We are aware of the risks that come along with the goals of our project. We therefore included a number of measures to ensure a responsible handling of ethical issues: There will be a cross-cutting research area exclusively dealing with ethical questions in the context of FuturICT. Within this area, research on Ethics of Computing and Value Sensitive Design methodologies will be carried out and applied to the activities in the other areas of FuturICT. Workshops for PhD students and internal consultations on ethically responsible innovation will complement these efforts. Furthermore, an ethical board will actively be involved in research carried out in other parts of the project and will oversee activities and report to consortium leaders.

  13. Q:

    Is it realistic to involve non-experts from the general public, how will FuturICT encourage people to contribute?  How will FuturICT ensure the quality of the publicly available data?

    A:

    We know this is feasible from experiences in the past 10 years:  see wikipedia, imdb, open street map and the last 10 years of open source data, free apps, open data, these work under certain conditions that are now well understood. 

  14. Q:

    Will this be only quantitative social science, and ignore all of qualitative social science? Is this not just pretending that everything is like physics?

    A:

    We are not replacing qualitative social science, we are adding to it.  We are not claiming that we can predict individual behavior, but we claim it's possible to understand global behavior.

  15. Q:

    If it is this great, why has Google not done this yet, how is this different to what Google or Facebook do?

    A:

    Google is doing this to some extent but they are only doing the aspects that have a business model.  They are too narrowly skilled for this.

  16. Q:

    Can FuturICT really achieve the required interoperability, between services and between data both syntactically and semantically?

    A:

    Yes, web technologies and standards have made sufficient progress on this in the past 10 years, for example look at the current Web of Data, which already contains heterogeneous datasets of billions of items.

  17. Q:

    Why will FuturICT not fail like all the other big IT projects, do you have the engineering power to build this?  What will this do for European industry?

    A:

    We are building demonstrators, not industrial quality services.  Industrial parties will take up business opportunities.

  18. Q:

    What are the ICT issues?

    A:

    There are a number of ICT issues involved; dealing with large scale data, integrating heterogeneous data (syntactically, semantically), combining human and machine computing, long term and large scale data curation, service interoperability, user interface challenges.  We need to learn how to design loosely coupled IT systems (instead of the current systems with tightly coupled components of which we do not even understand all the couplings).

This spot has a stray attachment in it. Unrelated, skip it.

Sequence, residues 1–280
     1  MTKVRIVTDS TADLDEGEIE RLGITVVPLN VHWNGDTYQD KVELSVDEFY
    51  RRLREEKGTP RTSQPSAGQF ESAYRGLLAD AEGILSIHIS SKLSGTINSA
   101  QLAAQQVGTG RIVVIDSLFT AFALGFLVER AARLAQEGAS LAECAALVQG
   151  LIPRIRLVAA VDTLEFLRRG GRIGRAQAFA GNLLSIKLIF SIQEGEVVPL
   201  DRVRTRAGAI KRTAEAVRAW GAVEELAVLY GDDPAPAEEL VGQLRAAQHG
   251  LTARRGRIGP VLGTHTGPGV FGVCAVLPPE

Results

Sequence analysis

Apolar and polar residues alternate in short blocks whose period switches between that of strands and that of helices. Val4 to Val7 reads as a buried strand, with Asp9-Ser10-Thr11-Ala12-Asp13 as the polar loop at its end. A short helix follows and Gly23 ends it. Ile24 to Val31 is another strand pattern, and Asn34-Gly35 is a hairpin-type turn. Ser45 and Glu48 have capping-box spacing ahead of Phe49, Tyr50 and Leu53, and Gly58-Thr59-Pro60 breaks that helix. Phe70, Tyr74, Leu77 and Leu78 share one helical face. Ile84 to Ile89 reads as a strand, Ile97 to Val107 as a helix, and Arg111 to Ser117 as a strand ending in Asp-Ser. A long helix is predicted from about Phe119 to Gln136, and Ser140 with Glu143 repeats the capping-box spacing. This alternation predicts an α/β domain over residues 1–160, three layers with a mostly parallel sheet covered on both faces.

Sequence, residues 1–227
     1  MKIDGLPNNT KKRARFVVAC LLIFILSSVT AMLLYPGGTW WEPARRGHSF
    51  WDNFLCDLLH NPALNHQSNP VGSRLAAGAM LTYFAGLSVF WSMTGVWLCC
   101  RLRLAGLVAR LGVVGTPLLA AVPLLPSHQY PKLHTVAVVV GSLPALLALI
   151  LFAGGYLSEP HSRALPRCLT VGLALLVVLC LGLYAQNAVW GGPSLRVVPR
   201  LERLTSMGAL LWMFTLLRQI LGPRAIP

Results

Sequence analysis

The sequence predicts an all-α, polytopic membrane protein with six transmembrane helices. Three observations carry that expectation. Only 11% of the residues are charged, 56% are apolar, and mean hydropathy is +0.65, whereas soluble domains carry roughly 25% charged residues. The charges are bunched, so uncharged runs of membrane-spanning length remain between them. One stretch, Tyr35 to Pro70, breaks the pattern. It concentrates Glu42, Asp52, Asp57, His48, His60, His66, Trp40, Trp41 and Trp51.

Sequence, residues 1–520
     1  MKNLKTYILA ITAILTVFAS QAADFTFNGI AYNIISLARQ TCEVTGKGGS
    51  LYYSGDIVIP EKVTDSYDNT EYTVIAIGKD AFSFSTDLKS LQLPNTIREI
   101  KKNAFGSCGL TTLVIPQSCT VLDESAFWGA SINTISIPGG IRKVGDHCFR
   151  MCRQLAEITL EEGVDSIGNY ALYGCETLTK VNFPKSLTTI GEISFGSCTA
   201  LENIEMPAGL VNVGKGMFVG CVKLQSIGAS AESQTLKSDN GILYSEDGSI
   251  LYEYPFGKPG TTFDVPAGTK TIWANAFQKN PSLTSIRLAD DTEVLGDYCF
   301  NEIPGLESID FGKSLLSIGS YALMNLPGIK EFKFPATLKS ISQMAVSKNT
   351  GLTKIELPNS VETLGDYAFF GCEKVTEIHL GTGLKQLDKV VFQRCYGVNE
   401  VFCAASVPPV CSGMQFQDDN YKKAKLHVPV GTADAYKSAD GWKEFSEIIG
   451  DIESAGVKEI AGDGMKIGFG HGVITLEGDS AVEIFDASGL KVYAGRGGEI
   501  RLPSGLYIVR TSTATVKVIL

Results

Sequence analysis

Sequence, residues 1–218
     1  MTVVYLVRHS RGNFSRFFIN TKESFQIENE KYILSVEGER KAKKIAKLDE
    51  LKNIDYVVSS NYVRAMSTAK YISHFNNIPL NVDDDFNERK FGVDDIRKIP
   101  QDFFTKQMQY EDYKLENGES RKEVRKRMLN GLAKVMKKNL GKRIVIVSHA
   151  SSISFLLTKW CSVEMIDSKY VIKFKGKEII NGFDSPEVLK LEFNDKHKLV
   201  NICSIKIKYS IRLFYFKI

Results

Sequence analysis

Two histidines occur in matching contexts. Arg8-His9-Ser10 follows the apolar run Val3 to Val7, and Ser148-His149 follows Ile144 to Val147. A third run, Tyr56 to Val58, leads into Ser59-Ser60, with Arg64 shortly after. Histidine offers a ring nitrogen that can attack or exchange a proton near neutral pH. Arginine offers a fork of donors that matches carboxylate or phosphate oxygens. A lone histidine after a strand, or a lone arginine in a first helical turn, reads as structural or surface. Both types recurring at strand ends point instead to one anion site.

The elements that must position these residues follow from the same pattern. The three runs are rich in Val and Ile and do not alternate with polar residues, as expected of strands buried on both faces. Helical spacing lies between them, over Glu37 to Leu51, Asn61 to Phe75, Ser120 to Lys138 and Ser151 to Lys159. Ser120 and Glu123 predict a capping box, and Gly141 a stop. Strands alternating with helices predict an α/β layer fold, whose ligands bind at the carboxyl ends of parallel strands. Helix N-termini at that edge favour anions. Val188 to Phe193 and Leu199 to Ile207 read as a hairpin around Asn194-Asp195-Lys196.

19. Q:

    Are you going to predict the future?

    A:

    We don't need to predict the future, certainly not in detailed time steps; we are modelling scenarios, at certain levels of abstraction and granularity and then answering what-if questions/scenarios in terms of likelihoods and probabilities.  This is not unlike general scientific modelling.

  20. Q:

    You want to make society less vulnerable. But will knowledge obtained by FuturICT not tempt decision-makers in politics and economy to give up responsibility and to take more risks?

    A:

    On the contrary: it will become more visible that we have already taken higher risks than we thought, because cascading effects were neglected. Approaching this problem scientifically, one learns that we should never get too close to the theoretical stability threshold of a system, because one needs to have sufficient safety margins. Profit-driven interests often lead to a neglection of this principle. It is therefore important to identify and quantify dangers right from the very beginning.

  21. Q:

    Isn’t there a danger that the FuturICT system will convey a false sense of safety?

    A:

    We don’t think this is the case, because the system would first of all make the many uncertainties explicit that we are facing. We are well aware of the danger of overconfidence – one of our recent publications has actually addressed this issue.

  22. Q:

    When do we expect the first results?

    A: